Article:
Africa is rich in both natural and human resources, yet nearly 200 million of its people are undernourished because of inadequate food supplies. Comprehensive strategies are needed across the continent to harness the power of science and technology (S&T) in ways that boost agricultural productivity, profitability, and sustainability -- ultimately ensuring that all Africans have access to enough safe and nutritious food to meet their dietary needs. This report addresses the question of how science and technology can be mobilized to make that promise a reality.
In the previous section, the trends in development of the farming systems in terms of land, labour and fertilizer productivity were analyzed. Specific analysis of productivity in systems is virtually impossible, but yield gap analyses can be presented on a commodity basis. A generic analysis of yield gaps using production ecological principles in terms of grain equivalents is presented for the countries south of the Sahara in Box 4.1. Unfortunately no commodity-specific analyses using this concept are available for Africa. Therefore, other measures of yield gaps are used for various commodities based on readily available information from field and farm experiences, as yield gaps can also be expressed using best farmer practice or best experimental practice (See Box 3.3, Chapter 3).
On average, yields, expressed in grain equivalents, could increase by 3-5 tonnes per hectare in semi-arid regions growing one crop per year, and by 13-17 tonnes per hectare in humid regions with two to three crops annually. If best technical means are used to eliminate the yield-limiting factors, these yields could be obtained. Detailed analyses show that water in the semi-arid Sahel region is not the main limiting factor (de Wit, 1992; Bindraban et al., 1999). Poor soil fertility (nitrogen and phosphorus shortfalls at crucial times in the growing season) limits growth rate and yield. Field experiments have confirmed this (Breman et al., 2001). The potential yields for many crops are at least 5-10 times the actual yields.
McMillan and Masters (2003) use a different approach to illustrate similar possibilities for increasing yields by comparing actual yield of cereals in Sub-Saharan Africa to yields obtained in other regions. Actual cereal yields in Asia have increased from 1.5 tonnes per hectare in 1960 to over 3 tonnes per hectare in 2000, while in Sub-Saharan Africa they increased from 0.7 tonnes per hectare in 1960 to 1 tonne per hectare in 2000. Although this increase of 43 percent is considerable, the gaps in yield of Africa compared with other continents has widened considerably over the past four decades.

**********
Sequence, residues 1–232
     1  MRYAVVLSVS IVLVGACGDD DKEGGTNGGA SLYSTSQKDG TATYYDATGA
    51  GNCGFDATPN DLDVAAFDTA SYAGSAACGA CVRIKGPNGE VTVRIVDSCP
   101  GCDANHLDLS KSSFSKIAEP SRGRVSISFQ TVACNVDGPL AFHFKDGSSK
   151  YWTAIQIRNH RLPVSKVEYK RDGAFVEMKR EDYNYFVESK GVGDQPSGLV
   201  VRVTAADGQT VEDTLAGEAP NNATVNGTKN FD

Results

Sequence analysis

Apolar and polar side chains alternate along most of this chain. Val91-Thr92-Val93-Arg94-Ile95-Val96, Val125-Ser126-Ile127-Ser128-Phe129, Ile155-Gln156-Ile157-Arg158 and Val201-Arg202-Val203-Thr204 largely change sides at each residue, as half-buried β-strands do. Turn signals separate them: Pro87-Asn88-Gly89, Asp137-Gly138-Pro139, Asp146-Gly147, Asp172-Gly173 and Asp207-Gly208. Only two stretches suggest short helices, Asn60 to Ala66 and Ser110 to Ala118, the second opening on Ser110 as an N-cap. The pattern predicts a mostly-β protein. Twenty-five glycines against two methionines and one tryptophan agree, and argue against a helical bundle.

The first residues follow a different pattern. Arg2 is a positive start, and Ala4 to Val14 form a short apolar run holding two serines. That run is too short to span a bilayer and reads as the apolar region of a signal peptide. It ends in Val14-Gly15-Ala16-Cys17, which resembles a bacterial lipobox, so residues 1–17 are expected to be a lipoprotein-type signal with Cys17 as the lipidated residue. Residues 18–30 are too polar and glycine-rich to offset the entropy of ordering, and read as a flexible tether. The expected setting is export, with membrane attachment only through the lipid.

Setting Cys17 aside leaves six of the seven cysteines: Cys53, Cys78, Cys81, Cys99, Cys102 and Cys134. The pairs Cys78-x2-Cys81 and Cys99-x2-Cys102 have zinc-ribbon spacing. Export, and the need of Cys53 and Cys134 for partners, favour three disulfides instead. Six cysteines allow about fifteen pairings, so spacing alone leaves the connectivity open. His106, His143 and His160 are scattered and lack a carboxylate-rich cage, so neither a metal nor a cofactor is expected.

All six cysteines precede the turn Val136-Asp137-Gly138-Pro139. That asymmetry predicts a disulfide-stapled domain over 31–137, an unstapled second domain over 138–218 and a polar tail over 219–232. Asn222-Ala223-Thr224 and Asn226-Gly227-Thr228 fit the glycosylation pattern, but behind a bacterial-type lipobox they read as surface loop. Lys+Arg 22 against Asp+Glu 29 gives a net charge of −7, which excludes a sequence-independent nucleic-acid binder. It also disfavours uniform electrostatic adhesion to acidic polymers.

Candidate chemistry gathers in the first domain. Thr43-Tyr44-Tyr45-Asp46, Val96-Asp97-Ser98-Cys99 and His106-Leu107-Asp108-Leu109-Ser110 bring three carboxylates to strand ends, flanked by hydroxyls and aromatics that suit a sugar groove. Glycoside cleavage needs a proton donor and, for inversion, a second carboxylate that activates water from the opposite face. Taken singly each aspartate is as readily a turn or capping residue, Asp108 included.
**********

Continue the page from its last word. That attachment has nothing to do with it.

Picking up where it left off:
Gaps in yield (attainable actual and potential actual) within Africa are far greater than the gaps cited between Africa and the rest of the world. Various crops typical for Africa when grown outside the continent produce higher yields. Sorghum, millet, rice, wheat and maize all respond dramatically to improved technology. Hybrid sorghums achieve yields exceeding 6 tonnes per hectare and top yields of over 10 tonnes per hectare are reported (NRC, 1996). Hence, technology already 'on the shelf' has the potential to enhance land productivity in Africa once adapted and fine-tuned to location specific situations. In the following subsections, constraints and opportunities to improved productivity of various crops and animals will be discussed. The most important crops in the four priority systems are maize, rice, sorghum, millet, legumes, cassava, yams, cocoa and coffee; important animals are cattle and goats. Most farming systems in Africa are based on a multitude of crops, often in combination with animals. Here the mixed cropping is studied at field level in an attempt to understand its complexity at farm level. The disappointing productivity trends for land, labour and inputs suggest that available technologies are not eagerly adopted by farmers. It is important to discover whether 'on the shelf' technologies can enhance the productivity of the majority of the African farming systems, or whether they are inappropriate and need adaptation.
The trends described above reinforce the general observation made in Chapter 3 - yield increases in Africa per hectare have not kept track with population increases. Where there are improvements to farming systems, they tend to be very modest, but there are exceptions. Egypt with its irrigated agriculture has had productivity increases similar to other irrigated areas in the world. However, in the rainfed systems, yields are increasing but not in pace with population increase. There is no simple explanation: low soil fertility and therefore very modest attainable yields; complicated systems with no applicable fine-tuned technologies; and pests, diseases and weeds that are reducing already very low attainable yields. This all leads to a bleak picture. However the potentials for improvement may be there. The lack of information on the production ecology of the systems, however, does not allow a comprehensive production ecological analysis.